US wildfire pollution linked to more covid-19 cases deaths


The Dixie Fire in California, in late July 2021

REUTERS / Alamy

Polluted air caused by smoke released from the record-breaking wildfires in the US last year has been linked to a strong increase in covid-19 cases deaths.

Francesca Dominici at Harvard University her colleagues say 19,742 recorded covid-19 cases 748 covid-related deaths can be linked to spikes in tiny particulate matter, PM2.5, released by the blazes in California, Oregon Washington.

Links between long-term exposure to dirty air greater risk of death severe illness from covid-19 have already been well-documented. But the new research puts numbers on how short-term exposure to pollution, in this case from wildfires, may have made the pandemic’s health impact worse.

“What this is saying is, number one, especially for the counties affected by wildfires, people should absolutely get vaccinated wear a mask,” says Dominici.

The team looked at daily data on covid-19 cases deaths PM2.5 levels between March December 2020 in 92 counties which cover 95 per cent of the population in California, Oregon Washington. They then accounted for other possible explanations for links, including looking at the weather Facebook data on how much people moved around, considered a counterfactual world without the fires.

Across the counties as a whole, they found each extra 10 micrograms of PM2.5 per cubic metre of air over 28 days was linked to an 11.7 per cent increase in coronavirus cases, a 52.8 per cent increase in covid-19 deaths. Some counties saw PM2.5 levels higher than 500 micrograms per cubic metre for days in a row due to fires, well above the level deemed “hazardous” by US environmental authorities.

The impact of pollution on covid-19 cases deaths varied widely between areas. Dominici says that is probably because “the trajectory of the pandemic within each county was very, very different”. The team thinks cases increased due to PM2.5 exposure because it led to more severe illness. This might also have had an impact even on people with mild illness. For instance, people with what would ordinarily have been an asymptomatic infection might have developed symptoms.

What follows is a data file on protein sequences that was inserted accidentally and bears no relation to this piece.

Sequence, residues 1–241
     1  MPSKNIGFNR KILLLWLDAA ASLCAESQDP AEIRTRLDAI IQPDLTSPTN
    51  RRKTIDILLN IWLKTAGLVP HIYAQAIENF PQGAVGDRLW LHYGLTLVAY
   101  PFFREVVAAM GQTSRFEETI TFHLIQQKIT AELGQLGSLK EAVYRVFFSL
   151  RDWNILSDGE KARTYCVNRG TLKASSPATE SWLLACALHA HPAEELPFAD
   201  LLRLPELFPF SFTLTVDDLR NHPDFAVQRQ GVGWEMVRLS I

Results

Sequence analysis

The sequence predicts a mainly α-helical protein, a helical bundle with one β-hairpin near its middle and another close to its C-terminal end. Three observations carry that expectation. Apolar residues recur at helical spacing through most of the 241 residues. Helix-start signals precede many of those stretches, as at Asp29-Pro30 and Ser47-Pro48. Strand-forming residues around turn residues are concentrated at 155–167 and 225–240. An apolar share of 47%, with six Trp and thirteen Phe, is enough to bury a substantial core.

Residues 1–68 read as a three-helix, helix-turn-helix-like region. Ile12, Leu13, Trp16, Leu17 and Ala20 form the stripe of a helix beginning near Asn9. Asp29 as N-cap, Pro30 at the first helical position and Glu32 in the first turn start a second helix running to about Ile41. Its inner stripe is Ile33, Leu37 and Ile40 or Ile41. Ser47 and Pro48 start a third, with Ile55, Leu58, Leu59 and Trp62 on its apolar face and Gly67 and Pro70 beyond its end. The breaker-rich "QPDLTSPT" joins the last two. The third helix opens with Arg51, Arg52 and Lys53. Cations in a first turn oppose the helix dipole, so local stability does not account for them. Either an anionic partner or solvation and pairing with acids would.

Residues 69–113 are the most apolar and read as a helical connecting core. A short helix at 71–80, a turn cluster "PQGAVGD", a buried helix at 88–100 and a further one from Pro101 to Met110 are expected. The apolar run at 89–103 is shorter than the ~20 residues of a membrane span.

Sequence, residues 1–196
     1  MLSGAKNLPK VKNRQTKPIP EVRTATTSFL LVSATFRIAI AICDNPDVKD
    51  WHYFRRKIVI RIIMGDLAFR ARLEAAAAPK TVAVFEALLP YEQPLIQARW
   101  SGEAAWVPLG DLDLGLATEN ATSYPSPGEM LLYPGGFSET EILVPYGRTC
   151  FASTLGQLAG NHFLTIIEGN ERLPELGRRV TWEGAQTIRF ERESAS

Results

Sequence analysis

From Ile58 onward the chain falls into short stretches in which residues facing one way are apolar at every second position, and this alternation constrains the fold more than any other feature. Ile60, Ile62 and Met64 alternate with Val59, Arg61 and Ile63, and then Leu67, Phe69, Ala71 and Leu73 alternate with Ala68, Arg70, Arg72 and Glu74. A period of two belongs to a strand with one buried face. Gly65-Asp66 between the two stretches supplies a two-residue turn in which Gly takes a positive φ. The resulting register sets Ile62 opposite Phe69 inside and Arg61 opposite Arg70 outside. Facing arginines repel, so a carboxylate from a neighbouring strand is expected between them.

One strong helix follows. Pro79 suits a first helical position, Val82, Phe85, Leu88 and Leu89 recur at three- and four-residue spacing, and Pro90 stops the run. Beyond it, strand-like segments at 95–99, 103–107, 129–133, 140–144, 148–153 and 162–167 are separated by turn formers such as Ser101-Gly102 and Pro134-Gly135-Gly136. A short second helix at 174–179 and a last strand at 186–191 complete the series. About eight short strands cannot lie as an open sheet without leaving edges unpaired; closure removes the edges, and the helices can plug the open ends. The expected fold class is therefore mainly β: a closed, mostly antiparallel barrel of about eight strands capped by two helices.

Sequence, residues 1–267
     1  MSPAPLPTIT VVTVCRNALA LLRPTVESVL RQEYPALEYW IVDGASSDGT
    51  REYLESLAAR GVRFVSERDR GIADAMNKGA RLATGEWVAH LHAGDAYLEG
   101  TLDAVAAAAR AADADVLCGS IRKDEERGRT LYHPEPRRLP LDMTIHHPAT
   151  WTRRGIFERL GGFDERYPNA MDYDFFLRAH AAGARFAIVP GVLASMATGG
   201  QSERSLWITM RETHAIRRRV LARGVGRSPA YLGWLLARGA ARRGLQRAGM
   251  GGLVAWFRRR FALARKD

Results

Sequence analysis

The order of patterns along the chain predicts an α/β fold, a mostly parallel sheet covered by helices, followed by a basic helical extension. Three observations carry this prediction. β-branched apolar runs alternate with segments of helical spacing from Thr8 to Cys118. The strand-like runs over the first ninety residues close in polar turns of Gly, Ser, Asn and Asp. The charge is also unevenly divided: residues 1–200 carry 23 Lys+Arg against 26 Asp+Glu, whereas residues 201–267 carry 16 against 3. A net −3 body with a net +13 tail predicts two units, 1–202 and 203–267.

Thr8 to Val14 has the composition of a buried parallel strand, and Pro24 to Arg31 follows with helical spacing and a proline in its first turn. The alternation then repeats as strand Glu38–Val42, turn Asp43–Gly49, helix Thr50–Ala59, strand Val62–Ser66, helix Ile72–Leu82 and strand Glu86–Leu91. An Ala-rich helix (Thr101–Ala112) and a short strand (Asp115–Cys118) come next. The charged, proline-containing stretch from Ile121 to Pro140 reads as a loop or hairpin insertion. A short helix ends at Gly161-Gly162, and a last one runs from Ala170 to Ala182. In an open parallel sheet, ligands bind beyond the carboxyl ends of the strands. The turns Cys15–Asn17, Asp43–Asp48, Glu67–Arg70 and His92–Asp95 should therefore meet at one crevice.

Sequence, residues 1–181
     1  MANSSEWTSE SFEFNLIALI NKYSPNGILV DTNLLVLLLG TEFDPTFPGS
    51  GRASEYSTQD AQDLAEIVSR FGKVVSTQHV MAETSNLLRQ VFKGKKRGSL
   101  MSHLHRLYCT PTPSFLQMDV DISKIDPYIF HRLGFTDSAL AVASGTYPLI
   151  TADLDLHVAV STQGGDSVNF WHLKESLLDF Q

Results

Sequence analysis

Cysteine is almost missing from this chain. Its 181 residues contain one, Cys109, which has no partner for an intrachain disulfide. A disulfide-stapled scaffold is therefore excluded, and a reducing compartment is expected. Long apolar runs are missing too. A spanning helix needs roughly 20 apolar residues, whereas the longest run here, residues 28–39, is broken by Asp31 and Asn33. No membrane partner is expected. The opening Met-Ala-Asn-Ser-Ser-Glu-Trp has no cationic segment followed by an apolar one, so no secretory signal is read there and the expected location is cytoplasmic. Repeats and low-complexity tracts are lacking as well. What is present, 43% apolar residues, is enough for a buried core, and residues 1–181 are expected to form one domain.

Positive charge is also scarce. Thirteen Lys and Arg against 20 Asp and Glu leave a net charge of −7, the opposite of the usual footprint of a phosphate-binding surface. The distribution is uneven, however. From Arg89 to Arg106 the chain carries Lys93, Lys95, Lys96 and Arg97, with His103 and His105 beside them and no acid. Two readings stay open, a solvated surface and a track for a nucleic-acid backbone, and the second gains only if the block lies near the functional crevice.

There are some caveats. Dominici says there may yet be other explanations for the link that the team didn’t account for. And the amount of PM2.5 people were estimated to be exposed to, using smoke satellite images, may not reflect their true exposure.

Nonetheless, the research implies there is another motivation to cut the carbon dioxide emissions which are projected to worsen wildfires in the western US as the world warms. “This also provides another reason why tackling climate change is so important,” says Dominici.

Journal reference: Science Advances, DOI: 10.1126/sciadv.abi8789

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Afghanistan translator ‘just waiting for Taliban to kill me’ after he risked his life for US


An Afghan translator who helped U.S. forces in the region now fears for his life as the Taliban terrorist group continues its takeover of the Middle Eastern country. 

“I don’t want to die,” Faridoon Hazeen wrote to Fox News in an email.  

He later said on the phone, “I feel like a man drowning….I am reaching out to anything anyone to save me.” 

The 39-year-old father of four is just one of the thousands of people in Afghanistan who could be at the top of a kill list if the Taliban were to fully take over the country.   He has been trying for years to get a U.S. visa, with no luck.  Recently, he’s emailed the U.S. embassy in Kabul four times but with no clear response. 

President Biden said recently amid the troop withdrawal that Afghan translators are welcome in the U.S., although he said bringing them here would take action from Congress. 

“And that’s why we’re asking Congress to consider changing the law. But in the meantime, we can guarantee their safety if they wish to leave by taking them to third countries,” Biden said. 

AFGHAN TRANSLATORS, FAMILIES FEAR TALIBAN TAKEOVER AS THEY TRY ESCAPING TO US

While the Taliban has not yet taken over the Afghan capital of Kabul in its merciless offensive to bring its cruel fundamentalist governance back to the country, Hazeen feels they are getting closer. 

“You get the feeling the city could fall at any minute,” he said.   

He said he believes Taliban members are already infiltrating the city: “To be honest…I have a different type of feeling as I walk around the city.” 

He said he’s seeing more young people in Kabul, from different parts of the country, strangers, even from next-door Pakistan.

Things will be bad for a lot of people in Afghanistan if the Taliban get its way.  

Hazeen, who acted as a translator for Americans interviewing high-value targets feels especially vulnerable.    

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He spoke of a nearby mosque where worshippers were told that when the Taliban comes they will deal with those who worked with foreigners first.  He said he’s gotten nearly a dozen calls in the last ten days with threats against his life.  He fears Taliban-friendly neighbors will turn him in.

He’s already sent his family away from his home fears especially for his wife 11-year-old daughter.  In areas that the Taliban has occupied, there are reports of women girls being taken as wives of Taliban fighters.   

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And that is the real problem with the possible full-throated return of the group. As much as they claim they’ve changed since the last time they were in charge of Afghanistan some 20 years ago, recent reports of summary executions abuse tell a different story. 

Hazeen knows this full well.   

“I am just waiting for the Taliban to kill me,” he said. He’s not alone. 



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